Electronic Data Interchange and Electronic Funds Transfer
Electronic Data Interchange and Electronic Funds Transfer
Electronic Data Interchange and Electronic Funds Transfer
Electronic data interchange (EDI), or electronic data processing, is the electronic transmission of data between computers in a standard, structured format. EDI allows companies to process routine business transactions, such as orders and invoices, more rapidly, accurately, and efficiently than they could through conventional methods of transmission.
Electronic funds transfer (EFT) is the term used for EDI that involves the transfer of funds between financial institutions. Thus, EFTs are only one specific form of EDI, albeit the form most familiar to lay users and bank customers. While EDI has been around for decades, it wasn't until the late 1990s that this basic principle became a driving force in the rollout of electronic commerce, corporate extranets linking suppliers and customers, and related network-based technologies. Advances in EDI, combined with the rise and spread of the Internet, have led to wide use of EFTs at the same time that EDI has almost completely taken over business-to-business data transfers.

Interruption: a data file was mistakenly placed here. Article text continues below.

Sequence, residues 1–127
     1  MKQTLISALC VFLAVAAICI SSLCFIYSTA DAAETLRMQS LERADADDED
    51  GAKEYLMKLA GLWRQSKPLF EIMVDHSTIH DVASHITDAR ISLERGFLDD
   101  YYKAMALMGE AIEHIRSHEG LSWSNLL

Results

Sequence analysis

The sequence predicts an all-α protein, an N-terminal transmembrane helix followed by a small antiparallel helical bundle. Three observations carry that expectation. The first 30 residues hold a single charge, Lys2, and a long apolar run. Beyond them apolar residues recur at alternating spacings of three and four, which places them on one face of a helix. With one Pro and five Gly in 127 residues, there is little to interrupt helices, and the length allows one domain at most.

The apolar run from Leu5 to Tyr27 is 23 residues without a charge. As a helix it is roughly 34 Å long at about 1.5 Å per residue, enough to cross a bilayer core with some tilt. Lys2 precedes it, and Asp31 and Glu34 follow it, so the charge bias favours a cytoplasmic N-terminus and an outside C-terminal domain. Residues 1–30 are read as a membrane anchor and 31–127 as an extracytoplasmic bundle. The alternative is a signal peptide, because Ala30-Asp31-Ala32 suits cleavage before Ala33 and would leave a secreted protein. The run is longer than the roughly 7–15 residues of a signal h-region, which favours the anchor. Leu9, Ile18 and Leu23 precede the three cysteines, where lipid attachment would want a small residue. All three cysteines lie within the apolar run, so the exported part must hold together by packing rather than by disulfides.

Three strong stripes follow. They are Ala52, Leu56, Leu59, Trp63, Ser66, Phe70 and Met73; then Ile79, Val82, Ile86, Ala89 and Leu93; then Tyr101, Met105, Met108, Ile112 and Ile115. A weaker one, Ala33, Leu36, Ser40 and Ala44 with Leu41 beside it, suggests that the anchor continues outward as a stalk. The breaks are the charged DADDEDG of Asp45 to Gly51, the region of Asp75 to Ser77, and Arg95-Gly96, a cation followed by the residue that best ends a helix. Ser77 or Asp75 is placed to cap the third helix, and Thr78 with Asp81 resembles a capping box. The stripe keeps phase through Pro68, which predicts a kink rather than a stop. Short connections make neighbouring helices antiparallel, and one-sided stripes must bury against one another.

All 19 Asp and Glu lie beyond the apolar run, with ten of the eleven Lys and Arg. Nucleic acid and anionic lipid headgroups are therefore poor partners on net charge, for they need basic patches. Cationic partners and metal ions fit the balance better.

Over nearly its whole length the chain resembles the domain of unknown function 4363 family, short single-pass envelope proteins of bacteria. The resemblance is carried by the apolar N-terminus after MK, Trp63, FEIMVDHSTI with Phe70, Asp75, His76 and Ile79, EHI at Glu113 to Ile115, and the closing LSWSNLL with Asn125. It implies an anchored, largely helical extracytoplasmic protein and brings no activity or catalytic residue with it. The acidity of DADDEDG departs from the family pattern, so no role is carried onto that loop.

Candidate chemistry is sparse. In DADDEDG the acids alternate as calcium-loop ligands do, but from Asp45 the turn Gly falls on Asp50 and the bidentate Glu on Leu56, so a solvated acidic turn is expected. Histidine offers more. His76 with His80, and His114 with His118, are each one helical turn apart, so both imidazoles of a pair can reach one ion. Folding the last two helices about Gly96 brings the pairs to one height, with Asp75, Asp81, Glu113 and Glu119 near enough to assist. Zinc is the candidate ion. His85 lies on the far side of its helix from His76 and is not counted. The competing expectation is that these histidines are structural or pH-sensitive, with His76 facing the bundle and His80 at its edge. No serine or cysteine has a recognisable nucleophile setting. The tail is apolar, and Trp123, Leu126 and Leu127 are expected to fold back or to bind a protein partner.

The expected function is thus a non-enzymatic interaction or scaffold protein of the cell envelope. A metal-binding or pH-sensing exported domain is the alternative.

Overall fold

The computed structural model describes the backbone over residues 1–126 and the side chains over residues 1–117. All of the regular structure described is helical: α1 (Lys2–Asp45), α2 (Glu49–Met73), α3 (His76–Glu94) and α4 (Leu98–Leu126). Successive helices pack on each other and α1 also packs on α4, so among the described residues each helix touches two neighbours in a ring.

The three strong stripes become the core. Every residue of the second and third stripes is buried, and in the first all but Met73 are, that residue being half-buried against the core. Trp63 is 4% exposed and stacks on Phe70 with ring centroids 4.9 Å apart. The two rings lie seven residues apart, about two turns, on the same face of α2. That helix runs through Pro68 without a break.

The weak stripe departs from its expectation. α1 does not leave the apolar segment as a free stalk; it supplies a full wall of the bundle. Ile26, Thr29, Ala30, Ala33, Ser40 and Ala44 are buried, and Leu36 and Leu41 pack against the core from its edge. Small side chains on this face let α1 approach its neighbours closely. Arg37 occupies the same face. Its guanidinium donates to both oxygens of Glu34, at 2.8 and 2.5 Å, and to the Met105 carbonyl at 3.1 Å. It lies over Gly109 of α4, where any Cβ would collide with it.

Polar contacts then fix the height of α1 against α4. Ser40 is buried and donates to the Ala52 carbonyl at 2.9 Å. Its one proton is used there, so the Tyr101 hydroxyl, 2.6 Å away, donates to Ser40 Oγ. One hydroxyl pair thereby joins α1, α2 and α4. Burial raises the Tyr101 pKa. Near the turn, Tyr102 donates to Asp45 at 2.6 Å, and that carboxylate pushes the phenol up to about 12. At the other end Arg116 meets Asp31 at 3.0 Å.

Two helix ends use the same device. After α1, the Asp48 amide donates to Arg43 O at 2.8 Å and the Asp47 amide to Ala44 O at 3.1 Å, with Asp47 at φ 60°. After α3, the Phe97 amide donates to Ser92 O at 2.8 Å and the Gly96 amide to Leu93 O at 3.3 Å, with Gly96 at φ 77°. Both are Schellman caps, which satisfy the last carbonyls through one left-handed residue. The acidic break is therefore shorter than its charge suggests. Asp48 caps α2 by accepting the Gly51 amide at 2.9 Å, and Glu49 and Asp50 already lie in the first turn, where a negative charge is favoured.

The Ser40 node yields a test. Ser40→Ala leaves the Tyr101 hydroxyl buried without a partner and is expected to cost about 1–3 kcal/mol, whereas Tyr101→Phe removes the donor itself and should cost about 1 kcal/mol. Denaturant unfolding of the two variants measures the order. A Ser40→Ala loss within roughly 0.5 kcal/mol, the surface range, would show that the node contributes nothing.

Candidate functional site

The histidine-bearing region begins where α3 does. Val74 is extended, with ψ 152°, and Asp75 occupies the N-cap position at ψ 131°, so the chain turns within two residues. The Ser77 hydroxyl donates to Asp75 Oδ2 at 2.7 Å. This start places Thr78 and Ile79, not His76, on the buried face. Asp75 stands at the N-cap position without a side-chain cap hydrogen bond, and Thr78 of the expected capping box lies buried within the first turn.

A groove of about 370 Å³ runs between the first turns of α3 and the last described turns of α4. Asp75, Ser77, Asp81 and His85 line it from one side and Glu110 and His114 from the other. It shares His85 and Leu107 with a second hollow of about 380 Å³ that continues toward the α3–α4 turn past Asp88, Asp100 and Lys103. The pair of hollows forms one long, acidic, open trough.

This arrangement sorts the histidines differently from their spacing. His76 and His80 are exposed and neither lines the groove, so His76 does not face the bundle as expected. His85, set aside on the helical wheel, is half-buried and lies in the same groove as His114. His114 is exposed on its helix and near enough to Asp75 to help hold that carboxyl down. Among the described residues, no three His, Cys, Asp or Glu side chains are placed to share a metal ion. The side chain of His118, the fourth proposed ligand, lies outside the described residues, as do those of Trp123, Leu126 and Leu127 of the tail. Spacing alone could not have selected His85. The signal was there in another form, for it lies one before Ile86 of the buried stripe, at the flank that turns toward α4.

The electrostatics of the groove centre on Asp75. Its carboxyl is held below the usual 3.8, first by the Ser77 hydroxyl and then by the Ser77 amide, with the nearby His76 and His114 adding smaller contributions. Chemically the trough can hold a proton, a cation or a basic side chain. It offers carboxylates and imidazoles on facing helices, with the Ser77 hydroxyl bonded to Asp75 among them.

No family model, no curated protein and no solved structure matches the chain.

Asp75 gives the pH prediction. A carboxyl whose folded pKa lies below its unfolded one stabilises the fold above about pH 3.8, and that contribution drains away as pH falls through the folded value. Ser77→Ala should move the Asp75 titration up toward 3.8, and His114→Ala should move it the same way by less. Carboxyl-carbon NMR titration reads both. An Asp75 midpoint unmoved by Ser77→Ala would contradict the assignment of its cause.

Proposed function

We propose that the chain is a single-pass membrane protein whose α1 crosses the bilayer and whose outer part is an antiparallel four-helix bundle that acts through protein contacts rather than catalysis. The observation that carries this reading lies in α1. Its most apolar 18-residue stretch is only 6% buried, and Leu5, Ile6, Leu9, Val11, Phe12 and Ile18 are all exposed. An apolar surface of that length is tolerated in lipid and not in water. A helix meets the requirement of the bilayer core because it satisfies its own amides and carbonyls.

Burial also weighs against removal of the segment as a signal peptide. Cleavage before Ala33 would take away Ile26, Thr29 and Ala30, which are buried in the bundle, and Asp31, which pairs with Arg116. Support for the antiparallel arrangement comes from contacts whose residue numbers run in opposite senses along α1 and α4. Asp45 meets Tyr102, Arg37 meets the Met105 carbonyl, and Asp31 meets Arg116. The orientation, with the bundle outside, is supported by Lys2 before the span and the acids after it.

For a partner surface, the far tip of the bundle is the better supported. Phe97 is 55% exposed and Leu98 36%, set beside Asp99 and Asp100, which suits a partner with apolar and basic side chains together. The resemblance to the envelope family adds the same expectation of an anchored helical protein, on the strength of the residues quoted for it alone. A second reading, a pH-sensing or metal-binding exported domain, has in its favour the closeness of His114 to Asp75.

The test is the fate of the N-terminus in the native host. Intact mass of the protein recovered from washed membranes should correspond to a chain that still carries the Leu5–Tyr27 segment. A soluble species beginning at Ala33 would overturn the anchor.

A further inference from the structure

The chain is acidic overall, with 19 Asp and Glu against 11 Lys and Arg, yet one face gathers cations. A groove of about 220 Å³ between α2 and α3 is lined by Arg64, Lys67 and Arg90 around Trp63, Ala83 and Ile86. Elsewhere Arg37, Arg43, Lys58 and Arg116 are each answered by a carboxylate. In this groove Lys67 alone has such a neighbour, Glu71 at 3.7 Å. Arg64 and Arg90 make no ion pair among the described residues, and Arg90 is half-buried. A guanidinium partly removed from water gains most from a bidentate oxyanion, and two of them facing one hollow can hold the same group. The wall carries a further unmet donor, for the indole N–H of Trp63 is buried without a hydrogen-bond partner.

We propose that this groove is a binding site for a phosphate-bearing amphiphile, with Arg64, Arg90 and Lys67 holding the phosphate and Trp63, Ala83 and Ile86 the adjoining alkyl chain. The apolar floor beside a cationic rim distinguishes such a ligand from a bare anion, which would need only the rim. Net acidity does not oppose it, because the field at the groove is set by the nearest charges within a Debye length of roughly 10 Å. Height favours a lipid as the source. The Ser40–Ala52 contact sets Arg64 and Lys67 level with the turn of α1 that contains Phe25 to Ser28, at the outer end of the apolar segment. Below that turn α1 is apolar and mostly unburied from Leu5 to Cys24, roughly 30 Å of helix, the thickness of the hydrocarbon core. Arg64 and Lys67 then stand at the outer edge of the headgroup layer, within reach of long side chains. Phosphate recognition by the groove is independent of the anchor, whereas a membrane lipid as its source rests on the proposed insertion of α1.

THE DEVELOPMENT OF EDI
EDI has been present in the United States in some form since the mid-1960s. Businesses had been trying to resolve the difficulties intrinsic to paper-dependent commercial transactions. These difficulties include transmission speed (because of delays in entering the data onto paper and transporting the paper from sender to receiver); accuracy (because the data had to be recreated with each paper entry); and labor costs (labor-based methods of transmitting data are more expensive than computer-based methods).